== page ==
I finally checked into urgent care when I ran out of alcohol, because I had never tried to quit before and I wanted some detox pills. They said I needed to go to the ER instead, since I might be at risk of a seizure. So I went there, and was discharged six hours later with a Librium prescription and an appointment with my doctor to discuss some long-term medication.
She put me on acomposate, which is not the stuff that makes you violently ill if you drink, but rather is supposed to gradually reduce your craving for alcohol. I think I took it for a week, then quit because it made me nauseous. I decided to try quitting the old-fashioned way like I had done with other drugs.
I’ve been sober a little over a year now. I don’t know if I will drink again or not. I don’t know if I am some hopeless alcoholic or not. I didn’t go to any AA meetings. I’ve thought I should at least show up and get a coin for my one year but feel somehow strange about celebrating with them when I did not do “the program” to stay sober.
I have gone to bars. I have let people drink in my house, though I specify that I can only allow alcohol I never liked, such as vodka, tequila and beer. It doesn’t bother me. When I’m in a bar I drink juice, which I love but never keep in the house because I’ll chug it all day. This way, I can still have a drink that is “special” to me.
Many people dislike being called “alcoholics.” And, many alcoholics would describe me as “not a real alcoholic” because I never had x, y or z happen to me.
I was having a similar conversation with my daughter today, who is having some mental health issues. I struggle with getting her to stop seeing herself as “disabled.” “You are not your illness. You are a PERSON who needs to learn how to cope with an illness.” She didn’t like that. She insists that her disability – her word – is an integral part of her.
Do whatever works. Call yourself whatever you want. If you drink too much, maybe you find it helpful to announce “I’m an alcoholic” in a roomful of people. Or maybe you just call yourself a person with a drinking problem; a person who wants to stop drinking. Or maybe you don’t call yourself anything at all and you just don’t drink that day, and maybe the next.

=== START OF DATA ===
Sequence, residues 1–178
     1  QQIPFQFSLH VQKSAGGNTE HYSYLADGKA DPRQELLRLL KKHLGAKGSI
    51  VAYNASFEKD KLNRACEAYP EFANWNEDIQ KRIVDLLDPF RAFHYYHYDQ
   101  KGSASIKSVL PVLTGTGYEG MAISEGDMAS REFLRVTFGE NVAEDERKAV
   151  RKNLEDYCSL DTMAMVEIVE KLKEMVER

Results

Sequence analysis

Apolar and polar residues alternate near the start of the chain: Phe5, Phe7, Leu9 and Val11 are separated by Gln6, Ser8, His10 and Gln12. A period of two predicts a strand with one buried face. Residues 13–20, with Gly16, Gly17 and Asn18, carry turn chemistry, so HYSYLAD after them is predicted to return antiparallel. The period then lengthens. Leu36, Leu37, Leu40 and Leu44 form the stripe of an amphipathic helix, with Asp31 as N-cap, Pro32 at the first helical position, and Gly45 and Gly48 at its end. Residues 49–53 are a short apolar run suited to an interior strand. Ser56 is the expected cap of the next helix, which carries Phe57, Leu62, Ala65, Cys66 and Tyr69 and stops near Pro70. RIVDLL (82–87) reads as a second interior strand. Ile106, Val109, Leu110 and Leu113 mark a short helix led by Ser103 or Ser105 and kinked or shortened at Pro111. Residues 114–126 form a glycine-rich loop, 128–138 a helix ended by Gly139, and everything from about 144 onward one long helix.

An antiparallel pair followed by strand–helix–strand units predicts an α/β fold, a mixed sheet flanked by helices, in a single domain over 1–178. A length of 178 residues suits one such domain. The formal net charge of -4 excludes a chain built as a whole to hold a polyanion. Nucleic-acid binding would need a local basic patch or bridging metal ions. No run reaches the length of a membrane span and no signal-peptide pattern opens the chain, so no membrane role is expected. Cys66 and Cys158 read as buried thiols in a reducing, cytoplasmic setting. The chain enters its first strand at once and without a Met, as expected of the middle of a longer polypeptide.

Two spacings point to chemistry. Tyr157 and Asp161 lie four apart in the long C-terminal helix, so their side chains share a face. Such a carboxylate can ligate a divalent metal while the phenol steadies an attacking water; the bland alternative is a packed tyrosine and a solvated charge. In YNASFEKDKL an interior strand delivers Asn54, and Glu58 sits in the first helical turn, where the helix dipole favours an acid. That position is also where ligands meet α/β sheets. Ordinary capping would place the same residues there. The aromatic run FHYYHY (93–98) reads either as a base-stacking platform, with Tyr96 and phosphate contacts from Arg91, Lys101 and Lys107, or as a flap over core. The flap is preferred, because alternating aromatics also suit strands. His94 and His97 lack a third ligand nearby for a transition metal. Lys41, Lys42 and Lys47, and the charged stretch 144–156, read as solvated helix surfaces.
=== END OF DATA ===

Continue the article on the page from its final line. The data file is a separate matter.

I have not used heroin or cocaine in 18 years. Half a lifetime ago. I remember it extremely well. I had a kitchen with no food. All my dishes and pots were in my room, under my bed, because they were all converted into barf buckets. Every time I shot up, I’d vomit, then drink Sunny D and immediately vomit again. Community college brochures and financial aid applications, also vomit-stained. An emaciated cat in the next room. I had no money for cat food. I was getting a lot of white bread from the food bank; maybe the cat could eat that. I was skinny; pale; shaky. Sitting on the floor, reading a Cosmopolitan magazine, a child-size shirt hanging loosely off my body, sweat dripping off my forehead and into the magazine more rapidly than I could wipe it up. Trying to put myself together just enough so I could go to the pharmacy and buy a syringe. I had only used a dirty needle once; my first time. Alone in a park bathroom. I had found it on the ground and it had dried blood on it. The sweat won’t stop. I realize I’m clawing my face and that everything itches. My clothing is soaked. Throw on a black trenchcoat, smear some gel through my long burgundy hair I thought was cool back then. If I can stop shaking maybe no one will know that the person waiting for the pharmacy to open is some kind of drug addict. The living room is full of egg cartons from the food bank, old newspapers, laundry, cat litter. I am crying for some reason. Maybe because I hate being this person.
That’s why I stopped. I am glad I can remember this.